» Thursday, February 26, 2009

Royal Bank of Scotland

Asked if the Prime Minister had anything to say in relation to Sir Fred Goodwin s pension, the Prime Minister s Spokesman (PMS) said that the Prime Minister would be saying something on this throughout the course of the day. For now it was best to refer to what the Chancellor said on the Today programme this morning.

Asked if the Prime Minister had spoken to Sir Fred Goodwin, the PMS said that the City Minister, Lord Myners, had spoken to Fred Goodwin on behalf of the Government, as the Chancellor made clear this morning.

Put that the Chancellor raised the prospect of taking legal action to recover some of the money used in pension provisions, the PMS said that that was something we wanted to thoroughly explore. The statement released by the Treasury yesterday made clear that we had been discussing and pursuing this with the new chairman of RBS to see if there was any scope for clawing back some of the pension entitlement. The Treasury also said that they had agreed with RBS that the bank would review all aspects of Sir Fred Goodwin s tenure in office, with a view to testing to the full any potential or legal redress, including the potential for recouping pension provisions.

Asked if the Government would now go through all other banks they had a stake in to look at packages similar to Sir Fred Goodwin s, the PMS replied that, as we had said a couple of weeks ago when the similar issue of bonuses came up, we wanted to test the nature and strength of legal commitments that had been entered into, particularly for those people most closely associated with the failure at these institutions.

Put that the former Chief Executive of Northern Rock, Adam Applegarth, was getting an annual pension of 200,000, the PMS said that he was not aware of the details of Mr Applegarth s pension. There were legal entitlements that certain people had, but we would look into whether there was scope for these entitlements to be challenged.

Asked if the Government had been fully aware of Sir Fred Goodwin s pension when it took over the majority share of RBS, the PMS said that, as Lord Myners and the Chancellor had been saying this morning, we only became aware of certain details of the pension scheme recently, within the last week or so.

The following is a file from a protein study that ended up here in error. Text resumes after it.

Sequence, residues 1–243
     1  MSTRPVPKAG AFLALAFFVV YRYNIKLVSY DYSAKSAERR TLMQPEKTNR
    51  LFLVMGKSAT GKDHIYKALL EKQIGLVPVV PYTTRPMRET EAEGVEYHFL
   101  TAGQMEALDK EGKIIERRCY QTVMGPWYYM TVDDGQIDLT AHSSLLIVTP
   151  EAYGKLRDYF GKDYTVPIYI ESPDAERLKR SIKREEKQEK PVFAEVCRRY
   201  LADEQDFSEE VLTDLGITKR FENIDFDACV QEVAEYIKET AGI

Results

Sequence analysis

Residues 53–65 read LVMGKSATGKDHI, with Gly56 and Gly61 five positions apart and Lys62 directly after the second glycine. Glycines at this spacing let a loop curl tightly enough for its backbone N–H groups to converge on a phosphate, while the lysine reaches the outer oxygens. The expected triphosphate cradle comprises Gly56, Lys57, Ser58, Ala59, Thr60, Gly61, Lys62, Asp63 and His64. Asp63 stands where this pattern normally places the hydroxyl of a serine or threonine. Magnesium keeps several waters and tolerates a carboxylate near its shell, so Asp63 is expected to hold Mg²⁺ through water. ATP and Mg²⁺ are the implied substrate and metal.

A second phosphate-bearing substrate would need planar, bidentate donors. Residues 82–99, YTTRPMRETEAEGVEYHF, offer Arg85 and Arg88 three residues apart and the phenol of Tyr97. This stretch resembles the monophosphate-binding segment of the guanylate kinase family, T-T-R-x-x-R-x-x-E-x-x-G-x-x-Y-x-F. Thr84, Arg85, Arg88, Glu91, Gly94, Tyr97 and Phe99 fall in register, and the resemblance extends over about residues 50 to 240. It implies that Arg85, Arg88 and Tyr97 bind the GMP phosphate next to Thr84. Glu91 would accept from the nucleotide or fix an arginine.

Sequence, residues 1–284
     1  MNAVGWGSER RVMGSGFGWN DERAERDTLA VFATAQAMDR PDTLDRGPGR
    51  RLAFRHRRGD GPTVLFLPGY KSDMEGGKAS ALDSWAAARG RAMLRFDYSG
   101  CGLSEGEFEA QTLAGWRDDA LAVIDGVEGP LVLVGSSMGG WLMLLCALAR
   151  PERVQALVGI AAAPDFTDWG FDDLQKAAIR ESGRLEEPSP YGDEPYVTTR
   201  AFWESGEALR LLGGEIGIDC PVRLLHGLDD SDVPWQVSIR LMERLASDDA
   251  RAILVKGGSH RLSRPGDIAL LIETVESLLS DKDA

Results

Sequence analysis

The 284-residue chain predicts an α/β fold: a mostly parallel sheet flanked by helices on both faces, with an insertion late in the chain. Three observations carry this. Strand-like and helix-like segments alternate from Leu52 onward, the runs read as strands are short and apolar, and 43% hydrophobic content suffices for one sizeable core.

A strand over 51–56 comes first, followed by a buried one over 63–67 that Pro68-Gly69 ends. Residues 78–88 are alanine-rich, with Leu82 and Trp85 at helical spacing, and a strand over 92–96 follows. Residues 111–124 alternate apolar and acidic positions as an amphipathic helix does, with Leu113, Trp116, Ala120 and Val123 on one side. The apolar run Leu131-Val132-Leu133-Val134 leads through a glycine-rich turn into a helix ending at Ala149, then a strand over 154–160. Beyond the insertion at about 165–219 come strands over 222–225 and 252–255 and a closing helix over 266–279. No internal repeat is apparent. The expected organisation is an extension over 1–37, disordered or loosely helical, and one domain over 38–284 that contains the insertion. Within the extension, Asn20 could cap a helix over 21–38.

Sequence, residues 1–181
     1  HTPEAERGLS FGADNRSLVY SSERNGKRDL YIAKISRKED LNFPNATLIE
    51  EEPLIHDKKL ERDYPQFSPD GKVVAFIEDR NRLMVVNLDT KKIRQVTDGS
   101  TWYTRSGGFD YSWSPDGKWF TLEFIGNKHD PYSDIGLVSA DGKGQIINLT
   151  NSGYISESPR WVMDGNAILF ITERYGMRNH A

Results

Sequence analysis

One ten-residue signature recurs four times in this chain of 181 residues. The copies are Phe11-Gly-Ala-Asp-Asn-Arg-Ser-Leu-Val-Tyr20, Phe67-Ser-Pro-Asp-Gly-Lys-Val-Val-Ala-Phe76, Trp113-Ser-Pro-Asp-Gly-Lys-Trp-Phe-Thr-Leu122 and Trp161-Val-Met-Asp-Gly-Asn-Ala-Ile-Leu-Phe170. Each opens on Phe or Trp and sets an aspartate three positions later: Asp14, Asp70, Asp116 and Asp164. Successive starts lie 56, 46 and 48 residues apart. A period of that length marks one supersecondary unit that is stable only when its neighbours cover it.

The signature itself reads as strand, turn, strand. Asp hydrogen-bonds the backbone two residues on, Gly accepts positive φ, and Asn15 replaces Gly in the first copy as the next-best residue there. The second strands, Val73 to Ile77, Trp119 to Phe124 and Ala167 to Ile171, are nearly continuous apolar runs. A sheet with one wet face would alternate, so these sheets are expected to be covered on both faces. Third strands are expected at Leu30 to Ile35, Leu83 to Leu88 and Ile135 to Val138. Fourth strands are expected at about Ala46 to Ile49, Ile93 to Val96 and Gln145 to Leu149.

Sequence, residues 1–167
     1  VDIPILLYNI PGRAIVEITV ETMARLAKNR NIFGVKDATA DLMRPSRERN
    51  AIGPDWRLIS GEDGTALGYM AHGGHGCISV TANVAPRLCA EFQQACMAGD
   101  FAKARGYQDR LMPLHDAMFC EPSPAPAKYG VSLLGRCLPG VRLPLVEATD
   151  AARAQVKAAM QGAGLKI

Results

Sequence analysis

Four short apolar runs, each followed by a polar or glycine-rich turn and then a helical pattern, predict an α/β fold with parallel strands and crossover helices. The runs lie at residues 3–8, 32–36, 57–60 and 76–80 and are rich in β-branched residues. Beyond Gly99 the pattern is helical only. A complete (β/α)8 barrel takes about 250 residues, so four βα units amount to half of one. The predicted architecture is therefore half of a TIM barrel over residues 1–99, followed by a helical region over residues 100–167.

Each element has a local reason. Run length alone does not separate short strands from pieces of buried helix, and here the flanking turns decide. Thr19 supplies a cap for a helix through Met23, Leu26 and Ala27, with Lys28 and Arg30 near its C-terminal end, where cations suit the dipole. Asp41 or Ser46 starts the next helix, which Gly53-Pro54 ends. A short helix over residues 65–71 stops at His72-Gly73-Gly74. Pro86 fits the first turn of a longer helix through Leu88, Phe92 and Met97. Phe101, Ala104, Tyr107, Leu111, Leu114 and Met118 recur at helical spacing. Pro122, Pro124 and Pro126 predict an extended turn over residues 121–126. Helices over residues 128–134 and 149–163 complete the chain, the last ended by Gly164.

Asked why the Government hadn t been aware earlier, the PMS said that we had announced our intention to take on the majority shareholding in October 2008, but we only took on our legal responsibilities in December 2008. Therefore, a thorough process was underway in relation to a whole range of activities and obligations of these institutions, be it excessive sponsorship arrangements, the bonus culture, pension entitlements or bank balance sheets.

Put that it had been suggested that the law should change if the Government failed to claw back some of the money tied up in Sir Fred Goodwin s pension package, the PMS said that the Chancellor had set out the Government s approach this morning. Firstly, we would explore every legal avenue available to us in relation to this matter and secondly, Sir Fred Goodwin could consider the options available to him in relation to his pension.

Asked what the position was with other executives, the PMS said that RBS was a publicly listed company and that sort of information would normally be available in its annual report.

Asked how much time Sir Fred Goodwin had to make a decision regarding his pension, the PMS said that, as Lord Myners said this morning, people should talk to Sir Fred Goodwin about his response. We were continuing to look at all the legal options available to us.

Asked if it would now be the principle that banks who had been bailed out by the Government would have their chief executives penalised financially, the PMS said that in the case of RBS there had been a very significant failure of management of the like that had rarely been seen in British corporate history, shown by the scale of their losses today. In those circumstances it was right to examine the legal justifications for whether or not people associated with the failure were entitled to rewards.

Asked if the same applied for HBOS, the PMS said that we were continuing to look at HBOS.

Asked for details regarding the conversation between Lord Myners and Sir Fred Goodwin, the PMS said that there was nothing to add to what Lord Myners had already said this morning.

Asked if the Prime Minister intended to get directly involved, the PMS said that the Prime Minister was very concerned about this situation and when he became aware of it, he and the Chancellor asked UK Financial Investments to pursue the matter with RBS.

Asked if the Prime Minister recognised the argument from some backbench MPs that the Government should have acted earlier in regards to pensions and bonuses, the PMS said that we had taken action as soon as we became aware of the specifics of this case. We instructed UK Financial Investments to pursue this matter vigorously with RBS, so we would not accept that we should have acted sooner.

Asked if, in relation to the package announced today, the Government had deployed all its tools, the PMS said that we would not say that; we had always made clear that we would do whatever it took in order to ensure that we could steer the British economy, British families and businesses, through what was a very difficult global economic downturn.

original source.

Briefing took place at 11:00 | Search for related news

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